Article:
Tag: fiction

  • El-Mohtar and Gladstone’s This Is How You Loose the Time War

    This Is How You Loose the Time WarAmal El-Mohtar and Max Gladstone A wonderful little book imagining a fight / friendship / love affair (?) between two warriors in a war across time. Written by two top notch SF writers it consists essentially of letters our warriors write to each other across time. The whole […]

  • Delillo’s The Silence

    The Silence Don Delillo In recent years, Delillo has turned to short works focused on small groups of people and I’m hear for it. Yes, I loved Underworld and it’s expanses of time and characters, but books like the Silence, focused on the actions of an intimate group of people showcase Delillo’s gift for sketching […]

  • Review: Morrison’s Sula

    SulaToni Morrison Morrison’s second novel. Like every one of her works that I have read, it’s a masterpiece. I really have nothing new to say about one of America’s greatest novelists except to say that what stuck me about Sula was how fully formed the characters are, even those whose appearances are brief, and how […]

  • Review: Mantel’s Wolf Hall

    Wolf HallHilary Mantel The plan was to wait until all three books came out and then read them one right after the other. As other reviews this year will make clear, that didn’t happen. One down, two to go. This, Mantel’s first book on Cromwell is, you are not surprised to hear, brilliant. The writing […]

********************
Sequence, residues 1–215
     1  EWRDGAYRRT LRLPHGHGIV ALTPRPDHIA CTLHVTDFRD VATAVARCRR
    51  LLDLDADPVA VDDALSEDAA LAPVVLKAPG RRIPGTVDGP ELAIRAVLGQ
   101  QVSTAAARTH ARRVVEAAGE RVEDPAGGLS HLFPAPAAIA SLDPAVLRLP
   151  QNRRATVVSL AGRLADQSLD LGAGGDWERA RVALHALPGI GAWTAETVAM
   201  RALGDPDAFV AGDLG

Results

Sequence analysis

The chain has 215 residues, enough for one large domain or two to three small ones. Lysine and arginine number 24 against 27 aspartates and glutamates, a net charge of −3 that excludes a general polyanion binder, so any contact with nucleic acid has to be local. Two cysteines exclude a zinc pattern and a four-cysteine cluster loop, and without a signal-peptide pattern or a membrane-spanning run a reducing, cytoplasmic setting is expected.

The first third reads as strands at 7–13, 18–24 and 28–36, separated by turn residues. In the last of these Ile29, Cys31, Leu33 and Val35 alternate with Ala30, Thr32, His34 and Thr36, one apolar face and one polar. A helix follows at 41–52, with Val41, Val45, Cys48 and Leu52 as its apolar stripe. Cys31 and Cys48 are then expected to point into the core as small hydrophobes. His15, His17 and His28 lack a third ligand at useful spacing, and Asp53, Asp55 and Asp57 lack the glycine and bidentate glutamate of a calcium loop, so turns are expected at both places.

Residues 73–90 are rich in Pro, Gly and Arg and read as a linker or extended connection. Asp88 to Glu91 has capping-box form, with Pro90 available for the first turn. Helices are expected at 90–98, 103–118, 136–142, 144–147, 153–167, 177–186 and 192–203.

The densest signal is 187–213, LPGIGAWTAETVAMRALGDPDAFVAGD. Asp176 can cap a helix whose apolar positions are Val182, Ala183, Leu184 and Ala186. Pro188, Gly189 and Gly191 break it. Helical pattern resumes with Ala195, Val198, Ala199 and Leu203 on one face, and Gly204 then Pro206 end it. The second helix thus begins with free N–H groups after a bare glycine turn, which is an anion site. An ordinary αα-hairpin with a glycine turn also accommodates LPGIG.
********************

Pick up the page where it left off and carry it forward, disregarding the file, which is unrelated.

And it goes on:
• Koestler’s Arrival and Departure

    Arrival and Departure Arthur Koestler A taught little novel about intrigue and politics in a town of transients and refugees. Our protagonist is a leftist hero, who has left the growing dictatorship in his country to either return to fight on the side of justice or flee to an apolitical life across the sea. He […]

  • Review: Lethem’s Motherless Brooklyn

    Motherless Brooklyn Jonathan Lethem I bought Motherless Brooklyn right when it came out and then immediately leant it to a friend who soon after became a hopeless junkie. I never saw the book again. But this year, without a book at the New Haven train station, I picked it up again, and blazed through it […]

  • Cline’s The Girls

    The Girls Emma Cline A novel about a cult leader, very much like Manson, and a woman, very much like Susan Atkins, who befriend / seduce a very young teenage girl and bring her into the dark side of the post-summer of love hippie land. Our hero, the very young teenage girl (Evie) is lost, […]

  • Winslow’s The Force

    The Force Don Winslow Don Winslow if not the best crime writer alive, definitely top five. His pacing is always full speed ahead, but without sacrificing character develop, or whip smart dialogue. His two books on the rise of Mexican drug cartels, The Power of the Dog and the Cartel are deeply researched and utterly […]

  • Brandes’ The Orchard

    The Orchard Yochi Brandes A fictionalize portrayal of the life of Rabbi Akiva, told from the perspective of his loving, but long suffering wife. Akiva is a luminary of early rabbinic Judaism and one of the central figures in the Talmud. He was, allegedly, a simple Shepard, who won the heart of the daughter of […]

  • Nguyen’s The Sympathizer

    The Sympathizer Viet Thanh Nguyen There are novels that when you’re reading them you can tell that the autor agonized over every word, thought deeply about every plot point, knew intimately every character. You can tell that the book is more than a work of fiction, its an attempt to tell something true and real […]